The sheer amount of collectibles can easily be overwhelming and annoying, especially for completionists, but there are some worthwhile rewards for those who put in the time. If you want some advice, I recommend collecting all the bottles in the prehistoric episode first. The reward for doing so reveals the locations of clue bottles, making the other collections much easier. Or just pull up a YouTube video. I don’t judge.

Graphics & Sound – 16 Times the Fur

Sanzaru Games preserved all the classic sounds from the original trilogy, which is very appreciated. Sound design is as integral to a video game’s identity as anything else, which some people don’t seem to understand. Would Mario games be the same without that iconic music, or the sound of the power ups? All of the core voice actors return as well, though Carmelita goes 4-for-4 on having a different voice actress and accent in every game. There are also great performances from new characters, like Yuri Lowenthal as Sir Galleth Cooper, and Nolan North as Le Paradox (and El Jefe). I guess Nolan wasn’t content being in only one PlayStation staple revolving around a lovable thief.

As for the graphics, well, that’s where things change. Sanzaru dropped the cel-shaded art style that made the original trilogy – especially Sly 2 and Sly 3 – stand out. The new art style goes for a more realistic look while still remaining cartoony, and I feel it looks very muddled at times. The fur on characters like Sly and Carmelita looks incredibly thick, and loses some of their iconic silhouette, but Murray definitely got the short end of the stick here. Though, on the complete opposite side of the spectrum, Penelope had the glow up of the century.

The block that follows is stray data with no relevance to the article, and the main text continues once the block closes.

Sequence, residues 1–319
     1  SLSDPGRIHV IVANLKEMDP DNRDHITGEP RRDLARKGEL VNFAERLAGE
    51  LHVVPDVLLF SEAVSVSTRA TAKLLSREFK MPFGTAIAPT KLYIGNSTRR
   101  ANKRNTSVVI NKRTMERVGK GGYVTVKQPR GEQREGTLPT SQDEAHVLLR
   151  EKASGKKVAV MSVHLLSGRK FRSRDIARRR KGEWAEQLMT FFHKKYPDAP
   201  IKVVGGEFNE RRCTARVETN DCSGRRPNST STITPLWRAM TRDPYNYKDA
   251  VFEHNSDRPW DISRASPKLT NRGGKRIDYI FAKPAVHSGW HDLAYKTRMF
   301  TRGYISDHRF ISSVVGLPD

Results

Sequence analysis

The Redesigned Cooper Gang

The Redesigned Cooper Gang

On a more positive note, I love the art style in the animated cutscenes, and wish they stuck closer to that than what they went with. The character silhouettes stand out, and they capture a wide range of emotion and action with limited movement. Also, the hub worlds all look great and feel different. My personal favorites are the grimy streets of Medieval England and the bright exuberance of Ancient Arabia. 

Sly 4's superior art style

Sly 4’s superior art style

Sly Cooper: Thieves in Time is definitely not the greatest game in the series, that’s Sly 2, and it has its fair share of problems, but it’s still a very solid game. The story is fun and engaging, the hub worlds and characters are varied, and the amount of ridiculous one-off gameplay sections has been reduced. Though, you do dance quite a lot. The game came out at a time when most people were convinced that games needed to look realistic to be good, and suffered for it. However, as more and more people begin to realize how wrong that is, they might look back on this game more fondly.

Maybe it will convince Sanzaru Games or even Sucker Punch to get to work on a fifth installment. At the very least, the success of the Crash Bandicoot N. Sane Trilogy, Spyro Reignited Trilogy, and Crash Bandicoot 4: It’s About Time should show them there’s a market for these old mascot platformers on next gen consoles.